Lesotho is 30,355 km2 (11,720 sq mi) in size with a population of approximately 2 067 000. The population distribution of Lesotho is 25% urban and 75% rural. It is the only independent state in the world that lies entirely above 1,000 metres (3,281 ft) in elevation. Its lowest point of 1,400 metres (4,593 ft) is thus the highest in the world. Over 80% of the country lies above 1,800 metres (5,906 ft). Lesotho is also the southernmost landlocked country in the world and is entirely surrounded by the country of South Africa. It lies between latitudes 28° and 31°S, and longitudes 27° and 30°E.
Because of its altitude, Lesotho remains cooler throughout the year than other regions at the same latitude. Most of the rain falls as summer thunderstorms. Maseru and surrounding lowlands often reach 30 °C (86 °F) in summer. Winters can be cold with the lowlands getting down to −7 °C (19 °F) and the highlands to −18 °C (−0 °F) at times. Snow is common in the highlands between May and September; the higher peaks can experience snowfalls year-round.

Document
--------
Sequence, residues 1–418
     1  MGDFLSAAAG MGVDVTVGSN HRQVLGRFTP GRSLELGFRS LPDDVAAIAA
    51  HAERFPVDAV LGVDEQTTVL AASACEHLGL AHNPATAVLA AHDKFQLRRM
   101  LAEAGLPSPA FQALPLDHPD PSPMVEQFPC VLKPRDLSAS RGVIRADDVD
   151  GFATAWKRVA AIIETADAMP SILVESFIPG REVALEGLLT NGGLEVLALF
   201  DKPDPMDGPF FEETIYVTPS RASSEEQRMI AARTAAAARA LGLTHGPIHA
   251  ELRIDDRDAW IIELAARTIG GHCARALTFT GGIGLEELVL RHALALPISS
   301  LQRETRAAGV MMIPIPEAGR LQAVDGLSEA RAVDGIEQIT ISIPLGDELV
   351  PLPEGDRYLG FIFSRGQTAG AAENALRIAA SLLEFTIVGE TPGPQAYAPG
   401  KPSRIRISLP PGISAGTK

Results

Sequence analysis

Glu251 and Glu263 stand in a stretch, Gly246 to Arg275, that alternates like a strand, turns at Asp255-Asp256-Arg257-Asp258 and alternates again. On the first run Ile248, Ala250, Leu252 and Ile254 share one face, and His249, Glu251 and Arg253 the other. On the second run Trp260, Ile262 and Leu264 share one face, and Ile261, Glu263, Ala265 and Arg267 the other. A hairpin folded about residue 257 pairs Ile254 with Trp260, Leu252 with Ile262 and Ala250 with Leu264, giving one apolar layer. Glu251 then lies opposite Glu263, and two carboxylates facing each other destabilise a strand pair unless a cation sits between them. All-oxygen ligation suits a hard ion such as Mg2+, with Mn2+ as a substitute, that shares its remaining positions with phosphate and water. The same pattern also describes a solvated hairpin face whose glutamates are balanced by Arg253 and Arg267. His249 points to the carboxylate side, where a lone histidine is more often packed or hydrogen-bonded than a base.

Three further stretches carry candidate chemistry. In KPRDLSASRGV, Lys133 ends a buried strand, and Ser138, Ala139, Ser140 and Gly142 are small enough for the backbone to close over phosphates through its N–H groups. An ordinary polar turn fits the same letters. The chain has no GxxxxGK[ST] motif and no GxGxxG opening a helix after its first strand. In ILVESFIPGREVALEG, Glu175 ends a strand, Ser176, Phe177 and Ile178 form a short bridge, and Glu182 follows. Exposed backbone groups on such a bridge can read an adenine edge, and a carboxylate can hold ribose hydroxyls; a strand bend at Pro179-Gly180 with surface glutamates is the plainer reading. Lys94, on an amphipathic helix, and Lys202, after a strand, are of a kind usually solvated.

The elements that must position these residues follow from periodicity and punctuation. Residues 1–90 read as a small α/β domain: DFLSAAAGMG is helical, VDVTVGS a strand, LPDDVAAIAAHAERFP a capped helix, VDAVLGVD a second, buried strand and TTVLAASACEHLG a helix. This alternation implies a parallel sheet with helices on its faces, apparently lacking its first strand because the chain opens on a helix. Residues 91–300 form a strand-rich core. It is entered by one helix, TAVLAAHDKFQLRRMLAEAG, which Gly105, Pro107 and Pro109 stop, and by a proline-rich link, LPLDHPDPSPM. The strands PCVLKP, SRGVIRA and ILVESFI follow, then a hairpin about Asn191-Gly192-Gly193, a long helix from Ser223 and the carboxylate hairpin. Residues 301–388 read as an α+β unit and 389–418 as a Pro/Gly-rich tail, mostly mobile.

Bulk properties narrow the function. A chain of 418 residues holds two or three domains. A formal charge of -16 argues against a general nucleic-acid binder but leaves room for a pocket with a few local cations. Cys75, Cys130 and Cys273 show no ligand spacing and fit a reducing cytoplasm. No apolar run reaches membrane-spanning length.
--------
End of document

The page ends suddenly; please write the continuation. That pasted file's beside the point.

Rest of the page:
At The Rosehip Company we are very aware of the environmental responsibility of our company. Lesotho’s main objective is that every person living in Lesotho has the fundamental right to a clean and healthy environment. The rate of population growth and the productivity of available resources are actively managed by the Environmental Management Team. Quality of products in Lesotho are high, as fertilization and pesticides are kept to a minimum.
Rosa Eglanteria aka Rubignosa is an alien and invasive species introduced to Lesotho. There are various explanations for the way in which the plant got introduced but that it spread very rapidly is certain. There was also the reasoning that it should be planted in dongas and erosion gullies to prevent the huge soil erosion problem that Lesotho experience.
The plant’s roots did not bind the soil effectively but it did find a very good environment in which to spread aggressively. Currently very large areas of Lesotho are covered by the plant and even though we remove large quantities of seed from the environment through our harvesting the distribution of the plant does not seem to be diminished.